Why Your First Job Post-College Matters More Than You Know
College graduates are under pressure and in a hurry to find their first job quickly. However, their quest shouldn't be to secure something to get hired. It should be to find the right fit, recognizing the importance of choosing a role and company that will position them for success.
Do not take a “check the box” approach and simply accept the first role you're offered, as you might be taking a step backward. This first job is critical: It will be a barometer for future roles, serving as a basis of comparison as you develop professionally. It will be your “test drive” of the knowledge and skills cultivated during college, in and outside the classroom.
While you may have earlier work experience during school, in this first role, you will be interacting with other adult professionals in a peer-to-peer capacity. You and your parents invested time and money in your education, and you owe it to yourself to be sure that your first job is in harmony with your capabilities, goals and potential.
Your Career Legacy Starts Here
Do the role and the organization reflect your personal values and interests? If you find a position that you feel certain you are qualified for, ask yourself if you want to do it for that organization, working alongside the people in that company. If they are too conservative or liberal, or too structured or disorganized, you might like your work, but not the culture. If you take a position that doesn't work out, you can choose to leave, but realize that you will need to include it on your resume and explain it to future employers when they ask, “Why did you take that position?”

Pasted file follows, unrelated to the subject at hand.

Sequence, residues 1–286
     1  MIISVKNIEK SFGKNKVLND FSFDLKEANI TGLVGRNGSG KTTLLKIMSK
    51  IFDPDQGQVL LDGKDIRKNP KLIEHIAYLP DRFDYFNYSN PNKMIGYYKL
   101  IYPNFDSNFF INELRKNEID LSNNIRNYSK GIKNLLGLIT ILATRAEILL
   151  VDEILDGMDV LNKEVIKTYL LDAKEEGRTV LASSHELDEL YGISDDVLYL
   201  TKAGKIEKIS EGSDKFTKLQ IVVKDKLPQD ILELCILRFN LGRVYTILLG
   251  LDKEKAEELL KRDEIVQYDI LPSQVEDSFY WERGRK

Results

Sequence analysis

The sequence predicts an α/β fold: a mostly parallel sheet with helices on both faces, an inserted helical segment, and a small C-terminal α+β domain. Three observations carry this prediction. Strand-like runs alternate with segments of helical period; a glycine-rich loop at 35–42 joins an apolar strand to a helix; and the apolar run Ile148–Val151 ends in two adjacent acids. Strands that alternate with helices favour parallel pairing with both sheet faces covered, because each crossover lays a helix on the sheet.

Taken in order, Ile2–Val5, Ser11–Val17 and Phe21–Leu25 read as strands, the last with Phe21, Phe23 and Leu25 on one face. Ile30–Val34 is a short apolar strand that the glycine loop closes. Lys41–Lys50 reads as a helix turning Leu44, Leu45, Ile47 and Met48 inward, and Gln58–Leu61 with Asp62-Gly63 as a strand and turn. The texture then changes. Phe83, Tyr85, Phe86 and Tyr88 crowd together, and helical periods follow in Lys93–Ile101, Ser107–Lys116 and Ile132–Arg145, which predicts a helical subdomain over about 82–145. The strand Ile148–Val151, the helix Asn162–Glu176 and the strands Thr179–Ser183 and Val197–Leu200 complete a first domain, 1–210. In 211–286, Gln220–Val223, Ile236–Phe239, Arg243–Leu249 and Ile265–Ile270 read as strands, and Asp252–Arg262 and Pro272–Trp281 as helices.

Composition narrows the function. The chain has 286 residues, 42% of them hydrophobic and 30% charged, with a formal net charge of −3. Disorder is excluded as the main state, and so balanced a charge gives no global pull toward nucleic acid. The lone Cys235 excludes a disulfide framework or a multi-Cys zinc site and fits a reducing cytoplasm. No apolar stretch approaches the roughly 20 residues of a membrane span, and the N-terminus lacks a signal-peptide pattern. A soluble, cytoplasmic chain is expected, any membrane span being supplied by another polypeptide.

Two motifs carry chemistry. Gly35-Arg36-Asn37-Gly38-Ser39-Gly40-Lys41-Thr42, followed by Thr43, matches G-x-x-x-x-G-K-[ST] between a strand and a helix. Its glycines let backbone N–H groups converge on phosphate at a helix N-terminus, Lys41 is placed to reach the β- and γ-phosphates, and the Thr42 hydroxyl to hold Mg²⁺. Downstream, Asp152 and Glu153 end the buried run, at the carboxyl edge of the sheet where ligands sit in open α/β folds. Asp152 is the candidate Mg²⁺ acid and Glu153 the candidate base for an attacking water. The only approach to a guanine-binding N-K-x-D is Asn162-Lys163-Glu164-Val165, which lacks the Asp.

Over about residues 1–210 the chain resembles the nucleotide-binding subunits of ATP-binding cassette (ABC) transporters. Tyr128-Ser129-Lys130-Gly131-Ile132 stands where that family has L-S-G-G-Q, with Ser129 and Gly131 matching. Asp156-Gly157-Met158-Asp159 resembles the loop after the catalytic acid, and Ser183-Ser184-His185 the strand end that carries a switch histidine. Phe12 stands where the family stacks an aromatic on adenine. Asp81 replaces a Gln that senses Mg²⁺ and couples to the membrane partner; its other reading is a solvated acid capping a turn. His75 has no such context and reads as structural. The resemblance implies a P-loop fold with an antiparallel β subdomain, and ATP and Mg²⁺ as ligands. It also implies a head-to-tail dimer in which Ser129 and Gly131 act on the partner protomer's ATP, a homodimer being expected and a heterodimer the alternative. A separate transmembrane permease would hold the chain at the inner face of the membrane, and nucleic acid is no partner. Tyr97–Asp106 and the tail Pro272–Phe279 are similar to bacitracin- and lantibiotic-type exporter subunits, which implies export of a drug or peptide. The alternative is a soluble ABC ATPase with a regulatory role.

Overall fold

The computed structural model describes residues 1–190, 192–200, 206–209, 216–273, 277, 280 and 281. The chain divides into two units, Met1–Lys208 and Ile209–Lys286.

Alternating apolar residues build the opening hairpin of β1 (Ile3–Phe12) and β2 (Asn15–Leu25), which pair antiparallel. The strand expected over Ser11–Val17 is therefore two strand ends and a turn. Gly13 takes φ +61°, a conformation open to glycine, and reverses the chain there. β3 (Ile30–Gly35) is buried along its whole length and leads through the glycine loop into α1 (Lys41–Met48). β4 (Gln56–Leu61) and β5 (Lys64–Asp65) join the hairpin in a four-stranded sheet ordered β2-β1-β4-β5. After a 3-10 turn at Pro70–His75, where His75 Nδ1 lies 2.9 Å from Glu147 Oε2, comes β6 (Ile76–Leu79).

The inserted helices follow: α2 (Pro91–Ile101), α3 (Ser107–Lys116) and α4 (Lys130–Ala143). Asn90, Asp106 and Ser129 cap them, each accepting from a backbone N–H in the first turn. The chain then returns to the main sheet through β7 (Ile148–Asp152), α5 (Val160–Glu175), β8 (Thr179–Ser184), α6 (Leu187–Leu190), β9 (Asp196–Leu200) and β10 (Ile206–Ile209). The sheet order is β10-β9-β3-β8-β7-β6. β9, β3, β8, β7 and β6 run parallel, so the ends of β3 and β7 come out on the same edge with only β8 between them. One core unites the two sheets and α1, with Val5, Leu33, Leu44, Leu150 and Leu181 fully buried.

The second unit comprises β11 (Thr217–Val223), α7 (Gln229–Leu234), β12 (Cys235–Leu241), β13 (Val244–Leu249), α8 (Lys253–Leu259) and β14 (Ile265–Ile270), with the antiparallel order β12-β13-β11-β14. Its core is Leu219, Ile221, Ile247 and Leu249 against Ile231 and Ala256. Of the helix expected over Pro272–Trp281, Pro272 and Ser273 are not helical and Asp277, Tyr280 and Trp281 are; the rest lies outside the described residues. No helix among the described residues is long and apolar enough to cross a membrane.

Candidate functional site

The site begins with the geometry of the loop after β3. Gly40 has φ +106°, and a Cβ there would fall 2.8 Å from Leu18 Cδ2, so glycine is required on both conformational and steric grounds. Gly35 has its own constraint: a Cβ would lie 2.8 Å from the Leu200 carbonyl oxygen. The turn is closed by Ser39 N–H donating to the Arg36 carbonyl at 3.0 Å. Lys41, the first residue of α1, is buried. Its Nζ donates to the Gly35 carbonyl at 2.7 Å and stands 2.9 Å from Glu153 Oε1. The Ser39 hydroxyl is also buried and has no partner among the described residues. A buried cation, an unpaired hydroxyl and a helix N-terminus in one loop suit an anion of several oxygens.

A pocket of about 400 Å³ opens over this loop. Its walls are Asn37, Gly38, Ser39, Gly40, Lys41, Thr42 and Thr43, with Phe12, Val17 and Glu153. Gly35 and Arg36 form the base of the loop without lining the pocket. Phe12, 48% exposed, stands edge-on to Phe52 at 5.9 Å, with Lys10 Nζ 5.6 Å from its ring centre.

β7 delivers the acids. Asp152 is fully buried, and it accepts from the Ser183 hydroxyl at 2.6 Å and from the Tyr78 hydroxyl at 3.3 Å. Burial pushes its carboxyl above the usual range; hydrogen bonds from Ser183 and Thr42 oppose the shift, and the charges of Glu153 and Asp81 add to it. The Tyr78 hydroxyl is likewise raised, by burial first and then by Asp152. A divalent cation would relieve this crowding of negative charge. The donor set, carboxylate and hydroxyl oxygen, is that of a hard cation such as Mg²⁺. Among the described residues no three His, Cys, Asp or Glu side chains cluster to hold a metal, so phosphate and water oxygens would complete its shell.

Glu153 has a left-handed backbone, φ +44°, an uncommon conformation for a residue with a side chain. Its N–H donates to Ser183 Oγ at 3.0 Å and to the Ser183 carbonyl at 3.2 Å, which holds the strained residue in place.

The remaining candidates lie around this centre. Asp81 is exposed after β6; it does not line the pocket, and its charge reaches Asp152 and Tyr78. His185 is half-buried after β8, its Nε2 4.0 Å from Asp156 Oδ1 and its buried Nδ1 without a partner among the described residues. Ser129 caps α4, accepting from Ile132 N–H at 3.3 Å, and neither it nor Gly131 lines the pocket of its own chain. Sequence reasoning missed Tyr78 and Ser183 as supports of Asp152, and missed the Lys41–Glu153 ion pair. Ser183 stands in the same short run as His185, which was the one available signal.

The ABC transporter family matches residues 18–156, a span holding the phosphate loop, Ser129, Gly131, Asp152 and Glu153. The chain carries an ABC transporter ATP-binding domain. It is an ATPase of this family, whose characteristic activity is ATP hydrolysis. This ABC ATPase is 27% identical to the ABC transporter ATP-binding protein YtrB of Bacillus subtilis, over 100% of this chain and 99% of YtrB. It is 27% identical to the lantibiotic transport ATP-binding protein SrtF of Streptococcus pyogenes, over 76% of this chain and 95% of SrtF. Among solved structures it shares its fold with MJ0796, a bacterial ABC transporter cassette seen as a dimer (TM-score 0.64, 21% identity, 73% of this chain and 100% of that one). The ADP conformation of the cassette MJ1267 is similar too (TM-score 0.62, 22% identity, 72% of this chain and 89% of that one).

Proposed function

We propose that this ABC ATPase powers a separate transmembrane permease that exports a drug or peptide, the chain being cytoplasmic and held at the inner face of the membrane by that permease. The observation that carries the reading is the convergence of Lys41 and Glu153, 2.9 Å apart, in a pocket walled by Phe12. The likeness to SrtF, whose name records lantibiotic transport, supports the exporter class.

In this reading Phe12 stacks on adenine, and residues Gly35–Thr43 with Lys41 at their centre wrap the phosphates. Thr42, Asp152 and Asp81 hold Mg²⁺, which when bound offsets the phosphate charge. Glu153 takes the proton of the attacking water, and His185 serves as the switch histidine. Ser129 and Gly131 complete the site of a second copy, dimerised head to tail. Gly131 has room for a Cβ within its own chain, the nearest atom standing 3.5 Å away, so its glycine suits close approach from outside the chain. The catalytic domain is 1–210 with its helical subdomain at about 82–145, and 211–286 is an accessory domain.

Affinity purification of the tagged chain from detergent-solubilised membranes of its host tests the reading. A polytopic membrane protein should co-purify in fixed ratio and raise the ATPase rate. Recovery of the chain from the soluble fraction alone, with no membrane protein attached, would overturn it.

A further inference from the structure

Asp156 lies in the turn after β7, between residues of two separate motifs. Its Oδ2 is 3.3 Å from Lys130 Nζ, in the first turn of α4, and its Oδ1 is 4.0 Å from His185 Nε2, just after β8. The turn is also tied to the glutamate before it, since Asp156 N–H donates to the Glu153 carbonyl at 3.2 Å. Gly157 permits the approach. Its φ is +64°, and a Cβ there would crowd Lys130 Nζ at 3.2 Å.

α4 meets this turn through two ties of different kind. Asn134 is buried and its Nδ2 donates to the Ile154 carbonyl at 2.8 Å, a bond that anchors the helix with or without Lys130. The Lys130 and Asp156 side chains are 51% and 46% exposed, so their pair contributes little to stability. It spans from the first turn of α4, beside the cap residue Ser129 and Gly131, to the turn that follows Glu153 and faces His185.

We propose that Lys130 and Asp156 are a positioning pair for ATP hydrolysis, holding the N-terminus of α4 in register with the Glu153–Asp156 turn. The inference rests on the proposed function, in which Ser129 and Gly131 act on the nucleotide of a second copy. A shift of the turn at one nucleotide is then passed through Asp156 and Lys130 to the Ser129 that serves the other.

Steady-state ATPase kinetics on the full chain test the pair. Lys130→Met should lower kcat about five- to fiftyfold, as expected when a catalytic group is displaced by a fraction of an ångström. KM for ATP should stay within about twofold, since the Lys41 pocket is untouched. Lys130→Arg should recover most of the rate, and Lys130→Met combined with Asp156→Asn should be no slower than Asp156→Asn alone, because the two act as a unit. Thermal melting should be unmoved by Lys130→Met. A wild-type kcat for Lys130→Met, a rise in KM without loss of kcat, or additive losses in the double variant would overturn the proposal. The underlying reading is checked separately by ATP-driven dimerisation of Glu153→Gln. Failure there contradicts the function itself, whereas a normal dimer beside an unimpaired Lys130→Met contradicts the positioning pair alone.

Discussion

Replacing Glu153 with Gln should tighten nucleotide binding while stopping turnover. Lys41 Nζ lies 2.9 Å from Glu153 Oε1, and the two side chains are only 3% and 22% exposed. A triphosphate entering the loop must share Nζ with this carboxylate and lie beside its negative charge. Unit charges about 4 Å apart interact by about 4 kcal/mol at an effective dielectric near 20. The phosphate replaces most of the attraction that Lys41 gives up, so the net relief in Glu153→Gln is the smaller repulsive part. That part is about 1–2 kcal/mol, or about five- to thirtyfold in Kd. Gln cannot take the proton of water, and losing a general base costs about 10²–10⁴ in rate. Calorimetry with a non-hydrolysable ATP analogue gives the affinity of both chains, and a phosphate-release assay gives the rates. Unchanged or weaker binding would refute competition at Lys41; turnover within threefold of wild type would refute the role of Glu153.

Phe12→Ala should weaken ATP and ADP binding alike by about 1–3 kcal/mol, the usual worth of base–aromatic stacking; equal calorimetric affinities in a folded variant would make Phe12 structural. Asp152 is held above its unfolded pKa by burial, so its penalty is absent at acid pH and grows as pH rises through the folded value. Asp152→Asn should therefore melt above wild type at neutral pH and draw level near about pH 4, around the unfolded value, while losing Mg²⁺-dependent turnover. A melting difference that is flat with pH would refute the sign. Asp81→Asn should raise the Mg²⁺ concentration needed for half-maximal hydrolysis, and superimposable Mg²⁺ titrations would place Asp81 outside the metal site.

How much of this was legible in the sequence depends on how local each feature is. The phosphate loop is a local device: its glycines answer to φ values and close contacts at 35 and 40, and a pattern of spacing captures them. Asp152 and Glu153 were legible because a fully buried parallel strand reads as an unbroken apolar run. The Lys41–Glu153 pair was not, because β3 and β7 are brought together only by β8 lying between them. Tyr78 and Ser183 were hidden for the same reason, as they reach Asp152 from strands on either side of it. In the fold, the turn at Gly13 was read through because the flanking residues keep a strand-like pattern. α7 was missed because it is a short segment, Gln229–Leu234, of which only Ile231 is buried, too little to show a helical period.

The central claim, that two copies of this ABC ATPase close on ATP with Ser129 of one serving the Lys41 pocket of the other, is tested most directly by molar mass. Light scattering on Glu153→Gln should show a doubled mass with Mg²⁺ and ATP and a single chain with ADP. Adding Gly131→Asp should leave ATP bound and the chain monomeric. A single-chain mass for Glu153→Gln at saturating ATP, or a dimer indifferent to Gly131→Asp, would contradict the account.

Avoid An Underemployment Trap
Taking a job that doesn't require a bachelor’s degree is known as underemployment. Data from the U.S. Census Bureau and the U.S. Bureau of Labor Statistics shows that 41% of recent graduates are currently underemployed.
Carefully study job postings before you apply. You may see job postings that are suspiciously similar for the same firm: One markets the role to “recent college graduates” while another, with the same duties, is aimed at people with no college experience. Seek work that will challenge you and provide an environment with peers who motivate and engage you. If you need to find work urgently, perhaps for economic reasons, seek out something flexible so that you can accommodate a concurrent job search for a meaningful first professional role.
Recognize A Revolving Door
A job post including the term “recent graduates” may yield roles that hire grads, but not all firms may be a good place to grow. As you interview, ask if the company has employed recent graduates, if there is training and what comes next after your first placement. Ask what their retention rates are for new employees at different time periods, like six months and two years.
Another scenario might be a terrific company offering a terrible job. If a recruiter spends more time telling you about what comes after this first role, probe to find out how quickly people seek the next opportunity. Is everyone looking to transfer three months after starting?